What has been carried forward begins with an introduction by David Robinson (5:09) and another featurette in the Chaplin Today series (26:31). These follow the format of their equivalents on other discs, with Robinson giving a brisk but informative runthrough of the film's production and Chaplin's personal circumstances at the time, finishing with details of the 1970 reissue. Chaplin Today covers the same ground and as before brings in a guest film director to talk about the film at hand and what it and Chaplin's work means to him. In this case, it's Emir Kusturica, who speaks to camera in English.

The next item is a pair of trailers (5:21), both from the 1970 reissue. The first is American, the second French. The latter begins with "C comme Cinéma, C comme Charlot" (C as in cinema, C as in Charlie), leading up to C for Le cirque.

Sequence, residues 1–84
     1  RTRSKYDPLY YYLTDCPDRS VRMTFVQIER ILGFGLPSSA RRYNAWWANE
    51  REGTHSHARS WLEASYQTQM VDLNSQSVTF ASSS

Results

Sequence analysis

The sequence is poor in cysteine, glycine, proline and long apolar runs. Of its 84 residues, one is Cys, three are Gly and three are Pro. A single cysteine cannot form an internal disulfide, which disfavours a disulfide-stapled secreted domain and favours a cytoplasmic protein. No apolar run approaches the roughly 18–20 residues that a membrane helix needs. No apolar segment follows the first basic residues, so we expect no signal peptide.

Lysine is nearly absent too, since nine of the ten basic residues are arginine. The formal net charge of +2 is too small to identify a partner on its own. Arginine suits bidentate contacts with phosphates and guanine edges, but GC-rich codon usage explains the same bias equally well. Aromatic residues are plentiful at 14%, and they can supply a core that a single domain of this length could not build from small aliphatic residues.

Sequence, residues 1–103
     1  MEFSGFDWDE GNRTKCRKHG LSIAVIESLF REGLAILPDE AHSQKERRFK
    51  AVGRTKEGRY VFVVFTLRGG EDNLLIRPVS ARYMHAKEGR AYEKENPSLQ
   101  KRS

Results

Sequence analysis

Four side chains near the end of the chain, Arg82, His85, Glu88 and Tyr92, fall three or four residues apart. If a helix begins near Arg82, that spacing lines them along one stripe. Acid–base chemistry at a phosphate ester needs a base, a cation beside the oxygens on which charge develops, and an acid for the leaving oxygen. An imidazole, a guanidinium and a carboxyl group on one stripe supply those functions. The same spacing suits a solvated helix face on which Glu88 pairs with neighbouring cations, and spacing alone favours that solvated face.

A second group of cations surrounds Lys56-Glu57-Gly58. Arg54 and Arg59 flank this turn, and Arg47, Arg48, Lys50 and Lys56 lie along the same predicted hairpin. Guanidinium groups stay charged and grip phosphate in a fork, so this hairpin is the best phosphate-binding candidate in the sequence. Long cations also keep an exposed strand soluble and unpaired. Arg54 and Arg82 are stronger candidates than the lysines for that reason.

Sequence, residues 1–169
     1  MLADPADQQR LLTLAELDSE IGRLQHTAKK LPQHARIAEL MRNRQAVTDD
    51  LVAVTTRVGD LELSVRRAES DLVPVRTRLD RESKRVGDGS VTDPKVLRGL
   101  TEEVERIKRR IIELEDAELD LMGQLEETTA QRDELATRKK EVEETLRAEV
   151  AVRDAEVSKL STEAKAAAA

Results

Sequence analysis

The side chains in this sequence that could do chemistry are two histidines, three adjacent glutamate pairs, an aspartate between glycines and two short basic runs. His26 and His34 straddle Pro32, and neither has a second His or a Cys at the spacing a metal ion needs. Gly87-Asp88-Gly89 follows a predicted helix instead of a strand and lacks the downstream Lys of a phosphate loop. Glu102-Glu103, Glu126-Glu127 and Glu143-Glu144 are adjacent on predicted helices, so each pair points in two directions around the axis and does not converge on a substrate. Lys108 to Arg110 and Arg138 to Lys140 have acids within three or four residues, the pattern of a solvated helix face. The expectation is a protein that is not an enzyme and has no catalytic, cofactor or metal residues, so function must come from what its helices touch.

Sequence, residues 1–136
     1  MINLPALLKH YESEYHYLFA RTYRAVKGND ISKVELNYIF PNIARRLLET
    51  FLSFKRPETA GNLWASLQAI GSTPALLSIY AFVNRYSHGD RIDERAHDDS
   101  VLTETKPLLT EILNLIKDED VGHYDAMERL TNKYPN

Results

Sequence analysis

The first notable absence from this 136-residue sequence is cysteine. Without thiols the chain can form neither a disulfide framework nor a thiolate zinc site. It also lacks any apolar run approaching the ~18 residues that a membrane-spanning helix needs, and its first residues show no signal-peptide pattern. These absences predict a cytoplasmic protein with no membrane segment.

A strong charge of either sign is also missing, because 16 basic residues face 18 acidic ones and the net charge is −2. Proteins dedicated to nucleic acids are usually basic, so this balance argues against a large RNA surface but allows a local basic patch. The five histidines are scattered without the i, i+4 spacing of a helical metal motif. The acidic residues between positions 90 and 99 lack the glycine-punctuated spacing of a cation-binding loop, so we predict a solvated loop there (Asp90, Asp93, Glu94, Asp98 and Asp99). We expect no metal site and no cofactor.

There next appear rushes from the film's principal photography (27:45), with date captions appearing on screen, presented mute. This shows Chaplin shooting many takes in an effort to get right the scene with Doc Stone as the twin boxers, which as mentioned above, never made the final cut. Hence the next item, called "outtakes" but really deleted scenes (9:49). As well as the scene with Stone, there's another sequence with Chaplin, Kennedy and Crocker, captured in an impressive tracking shot down a main street, with the camera presumably on a dolly.

Finally there are the same set of extracts from all of Artificial Eye's Chaplin releases that appear on all the discs, running 10:44.